With the scale-up of treatment access programs, more people in Nigeria are now living with HIV, but at increased risk of cancer, including cervical cancer, which is a leading cause of death among women with cancer in Nigeria. The high frequency of advanced untreatable cervical cancer associated with HIV infection emphasizes a lost prevention opportunity. For the next five years, the key challenge for Nigeria is to build local capacity in HIV-related cancer epidemiology and prevention, particularly cervical cancer, and local ability to investigate treatment of HIV-associated malignancies.
A major challenge in the scale up of HIV therapy is to maintain treatment adherence >95% in order to avoid emergence of drug resistance. The contributors to non-adherence are complex and include individual and societal factors. As a neurotrophic virus, HIV has direct effects on neurocognitive function that affects daily function including treatment adherence. Similar to studies of Saktor et al. in Uganda32, an UM-IHV AITRP supported training found that up to 20% of treatment-naïve patients have objective evidence of neurocognitive impairment based on assessment with the International HIV Dementia Scale and presence of dementia is inversely correlated with CD4 count as shown in the study. The key challenge for Nigeria is to integrate capacity for behavioral and neuropsychological research into multidisciplinary activities that address the long-term effects of HIV infection and to investigate the impact of ART on reversing these effects.
With an infant mortality rate of 93 per 1000 births, Nigeria ranks 13th in the world. Each year up to 125,000 infants acquire HIV among the 315,000 to 625,000 children born annually to HIV infected mothers reflecting the low uptake and retention in PMTCT services. The contributors to infant mortality include poor pre- and post-natal service access, malnutrition, unsanitary water, and malaria among others. These challenges are amplified in the context of HIV. Unfortunately, little is known about barriers to pediatric adherence in the context of expanded treatment access. The key challenge for Nigeria is to strengthen the capacity of local investigators to conduct integrated and multidisciplinary studies that contextualize PMTCT and pediatric HIV in the larger challenges of maternal and infant health and health systems.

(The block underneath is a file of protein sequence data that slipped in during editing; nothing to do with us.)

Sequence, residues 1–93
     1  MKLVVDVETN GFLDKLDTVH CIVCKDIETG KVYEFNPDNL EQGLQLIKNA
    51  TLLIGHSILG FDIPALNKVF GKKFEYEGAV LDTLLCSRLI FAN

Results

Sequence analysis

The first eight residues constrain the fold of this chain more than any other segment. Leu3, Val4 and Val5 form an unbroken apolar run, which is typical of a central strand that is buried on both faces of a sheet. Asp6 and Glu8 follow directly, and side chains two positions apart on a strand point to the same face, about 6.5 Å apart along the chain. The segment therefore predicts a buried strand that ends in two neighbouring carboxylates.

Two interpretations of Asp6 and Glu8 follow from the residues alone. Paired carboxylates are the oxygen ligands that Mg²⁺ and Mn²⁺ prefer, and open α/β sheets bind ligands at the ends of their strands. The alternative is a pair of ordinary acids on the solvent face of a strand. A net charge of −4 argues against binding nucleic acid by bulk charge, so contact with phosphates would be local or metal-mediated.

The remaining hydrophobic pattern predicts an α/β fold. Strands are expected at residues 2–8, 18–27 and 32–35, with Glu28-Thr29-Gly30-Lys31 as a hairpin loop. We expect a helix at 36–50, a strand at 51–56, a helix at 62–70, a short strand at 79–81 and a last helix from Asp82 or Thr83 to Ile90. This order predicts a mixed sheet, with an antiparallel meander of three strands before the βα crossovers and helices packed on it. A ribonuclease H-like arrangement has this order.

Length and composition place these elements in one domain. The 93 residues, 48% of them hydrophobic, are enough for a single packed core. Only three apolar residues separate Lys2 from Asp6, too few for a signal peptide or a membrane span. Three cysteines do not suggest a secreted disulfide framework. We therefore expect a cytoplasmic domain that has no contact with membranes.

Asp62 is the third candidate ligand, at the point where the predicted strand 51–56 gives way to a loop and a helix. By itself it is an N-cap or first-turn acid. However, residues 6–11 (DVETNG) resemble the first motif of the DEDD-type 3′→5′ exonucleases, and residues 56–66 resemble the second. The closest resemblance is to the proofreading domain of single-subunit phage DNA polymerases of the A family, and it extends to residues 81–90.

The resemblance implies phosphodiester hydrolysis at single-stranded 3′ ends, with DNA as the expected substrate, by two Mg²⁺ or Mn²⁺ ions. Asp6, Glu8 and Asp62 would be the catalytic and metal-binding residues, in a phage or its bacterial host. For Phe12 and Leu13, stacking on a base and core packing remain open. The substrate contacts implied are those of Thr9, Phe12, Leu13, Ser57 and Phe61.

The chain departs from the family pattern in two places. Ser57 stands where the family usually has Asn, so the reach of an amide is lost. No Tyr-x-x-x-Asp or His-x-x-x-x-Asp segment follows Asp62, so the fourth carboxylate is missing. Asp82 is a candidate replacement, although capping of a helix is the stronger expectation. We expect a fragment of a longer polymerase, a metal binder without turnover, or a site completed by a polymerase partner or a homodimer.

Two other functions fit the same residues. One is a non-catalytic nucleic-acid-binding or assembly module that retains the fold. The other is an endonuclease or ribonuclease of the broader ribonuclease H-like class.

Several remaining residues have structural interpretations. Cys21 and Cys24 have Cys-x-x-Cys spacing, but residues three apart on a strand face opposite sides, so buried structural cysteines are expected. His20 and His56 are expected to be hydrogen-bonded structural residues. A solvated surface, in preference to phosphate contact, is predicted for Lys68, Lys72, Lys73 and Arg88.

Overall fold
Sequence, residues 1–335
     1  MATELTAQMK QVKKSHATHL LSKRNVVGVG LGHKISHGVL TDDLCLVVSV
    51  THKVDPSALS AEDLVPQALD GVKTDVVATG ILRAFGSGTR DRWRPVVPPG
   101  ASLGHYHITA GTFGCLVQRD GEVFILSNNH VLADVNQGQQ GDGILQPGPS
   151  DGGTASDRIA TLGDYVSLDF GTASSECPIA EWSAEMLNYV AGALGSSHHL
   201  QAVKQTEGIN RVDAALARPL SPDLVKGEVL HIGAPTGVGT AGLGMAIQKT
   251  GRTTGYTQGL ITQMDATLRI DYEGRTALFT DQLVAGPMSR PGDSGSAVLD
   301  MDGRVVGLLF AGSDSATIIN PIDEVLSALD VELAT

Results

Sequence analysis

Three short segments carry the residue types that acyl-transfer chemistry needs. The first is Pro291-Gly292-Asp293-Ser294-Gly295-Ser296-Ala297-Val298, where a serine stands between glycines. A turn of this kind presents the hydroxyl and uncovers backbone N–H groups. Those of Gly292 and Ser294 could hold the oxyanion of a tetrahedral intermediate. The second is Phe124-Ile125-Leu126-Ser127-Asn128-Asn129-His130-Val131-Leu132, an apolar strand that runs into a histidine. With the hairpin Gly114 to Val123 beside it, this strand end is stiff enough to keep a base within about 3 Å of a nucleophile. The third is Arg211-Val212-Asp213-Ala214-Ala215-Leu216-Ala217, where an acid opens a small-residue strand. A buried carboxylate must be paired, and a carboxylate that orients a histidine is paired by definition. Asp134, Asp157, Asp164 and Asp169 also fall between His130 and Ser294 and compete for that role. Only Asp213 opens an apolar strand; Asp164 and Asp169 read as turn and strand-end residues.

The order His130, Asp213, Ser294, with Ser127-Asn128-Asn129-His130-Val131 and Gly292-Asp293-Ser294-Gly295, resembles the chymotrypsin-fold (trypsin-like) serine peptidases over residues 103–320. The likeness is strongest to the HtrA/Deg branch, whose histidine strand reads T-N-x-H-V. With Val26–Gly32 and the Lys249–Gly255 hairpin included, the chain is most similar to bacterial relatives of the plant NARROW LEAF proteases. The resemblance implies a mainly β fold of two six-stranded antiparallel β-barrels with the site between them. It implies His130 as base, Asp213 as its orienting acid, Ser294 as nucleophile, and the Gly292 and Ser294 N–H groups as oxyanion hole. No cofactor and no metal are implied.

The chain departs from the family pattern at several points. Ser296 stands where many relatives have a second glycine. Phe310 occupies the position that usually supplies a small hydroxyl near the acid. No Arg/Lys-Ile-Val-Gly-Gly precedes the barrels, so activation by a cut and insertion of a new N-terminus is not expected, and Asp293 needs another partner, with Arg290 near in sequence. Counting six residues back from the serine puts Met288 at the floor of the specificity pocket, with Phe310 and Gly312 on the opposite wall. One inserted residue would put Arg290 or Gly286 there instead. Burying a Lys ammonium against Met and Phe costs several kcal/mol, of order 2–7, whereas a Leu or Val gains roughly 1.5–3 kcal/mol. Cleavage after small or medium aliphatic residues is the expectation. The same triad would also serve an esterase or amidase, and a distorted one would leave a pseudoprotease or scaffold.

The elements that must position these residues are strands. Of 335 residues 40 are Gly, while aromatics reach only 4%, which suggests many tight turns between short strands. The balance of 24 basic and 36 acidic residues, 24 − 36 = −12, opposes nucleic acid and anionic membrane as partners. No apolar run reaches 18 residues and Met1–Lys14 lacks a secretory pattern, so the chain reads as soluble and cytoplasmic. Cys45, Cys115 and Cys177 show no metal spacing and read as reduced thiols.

Unlike Southern Africa where a single virus subtype C predominates perhaps related to adaptive motifs in the NFKB binding domain, the molecular epidemiology of HIV in Nigeria involves a complex pattern of circulating recombinants and subtypes that are uniquely indigenous to West Africa with CRF02_AG predominating followed by subtype G with the remaining 10 to 15 % being unique and other recombinant forms. There is a growing body of laboratory research needed to support treatment response by virus subtype efficiency of transmission, neurological manifestations by subtype, HIV-associated malignancy (understanding of host, viral and cellular factors), and potential therapeutic effects of some traditional remedies. The key challenge for Nigeria, now that substantial laboratory research capacity has been built on the PEPFAR platform, is to broaden the capacity of laboratory scientists to engage in multidisciplinary studies that inform clinical, epidemiological, and pathogenesis research.